RAF Faldingworth

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RAF Faldingworth
Ensign of the Royal Air Force.svg
IATA: noneICAO: none
Summary
Airport type Military
Owner Ministry of Defence
Operator Royal Air Force
Location Faldingworth, Lincolnshire
Built 1943 (1943)
In use 1943-1972 (1972)
Elevation AMSL 49 ft / 15 m
Coordinates 53°20′58″N 000°27′23″W / 53.34944°N 0.45639°W / 53.34944; -0.45639
Map
RAF Faldingworth is located in Lincolnshire
RAF Faldingworth
RAF Faldingworth
Location in Lincolnshire
Runways
Direction Length Surface
ft m
00/00 0 0 Asphalt
00/00 0 0 Asphalt
00/00 0 0 Asphalt

Royal Air Force Station Faldingworth or more simply RAF Faldingworth was an Royal Air Force station used during and after the Second World War. It was located close to the village of Faldingworth in Lincolnshire, England.

History[edit]

It was used during the war by number 300 (Polish) Squadron and a memorial is now in place to them at the end of the main runway.

Faldingworth entered service life as Toft Grange decoy airfield and later as a satellite airfield of RAF Lindholme. Late in 1943 it became a satellite of RAF Ludford Magna.After the war the base was used for storage of weapons.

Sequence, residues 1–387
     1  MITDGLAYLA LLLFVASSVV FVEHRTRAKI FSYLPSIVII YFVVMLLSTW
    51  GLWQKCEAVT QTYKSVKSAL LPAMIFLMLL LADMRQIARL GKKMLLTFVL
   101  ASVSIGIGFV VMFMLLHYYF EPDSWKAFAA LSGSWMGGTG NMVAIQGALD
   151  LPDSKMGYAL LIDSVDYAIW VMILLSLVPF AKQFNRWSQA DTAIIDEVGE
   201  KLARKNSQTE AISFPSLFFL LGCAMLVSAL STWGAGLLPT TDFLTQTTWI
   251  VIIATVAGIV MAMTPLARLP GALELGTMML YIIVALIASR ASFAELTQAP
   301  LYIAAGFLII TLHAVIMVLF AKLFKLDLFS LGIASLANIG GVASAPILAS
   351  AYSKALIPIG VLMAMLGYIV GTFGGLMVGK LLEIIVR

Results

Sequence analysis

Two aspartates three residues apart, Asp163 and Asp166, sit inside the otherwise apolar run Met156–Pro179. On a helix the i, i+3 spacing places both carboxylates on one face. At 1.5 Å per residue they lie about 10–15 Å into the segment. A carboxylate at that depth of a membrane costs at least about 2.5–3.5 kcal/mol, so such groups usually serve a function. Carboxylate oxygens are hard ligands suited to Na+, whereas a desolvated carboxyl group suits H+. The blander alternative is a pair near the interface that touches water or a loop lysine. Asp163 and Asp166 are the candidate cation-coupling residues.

In 1957 the site became a nuclear weapons store for the RAF V bomber force. In times of crisis nuclear weapons from the site would be distributed to the nearby v-bomber airfields such as RAF Scampton, RAF Finningley and RAF Coningsby. With the transfer of the UK nuclear deterrent role to the Royal Navy's Resolution class submarines in 1968 the site was run down and finally de-activated in 1972. In 1979 the entire 172 houses on NCO married quarter site and former NAAFI shop was sold to The Welbeck Estate Group who upgraded the houses adding a communal swimming pool and renaming it the Virginia Estate following the upgrading of 370 apartments opposite the Pentagon in Virginia, USA. This was the first of 36 ex MOD sites to be acquired by the estate group. The site was later used by The British Manufacture and Research Company as a weapons test site, Lincolnshire Police also used the site in the early 1990s to train Police Officers in riot control techniques.

Current Ordnance Survey maps show the remains of a typical wartime bomber airfield, with the former storage site overlaying the south-western part of the airfield, about 1.25 miles (2 km) east of Spridlington. There is a cluster of RAF-built housing north-east of the airfield area, sold to The Welbeck Estate Group in 1979 and a group of RAF buildings used as an industrial estate.

Operation units and aircraft[edit]

[1]

References[edit]

Citations[edit]

Bibliography[edit]

  • Halpenny, B.B. Action Stations: Wartime Military Airfields of Lincolnshire and the East Midlands v. 2. Cambridge, Cambridgeshire, Patrick Stephens Ltd, 1981. ISBN 0-85059-484-7.

External links[edit]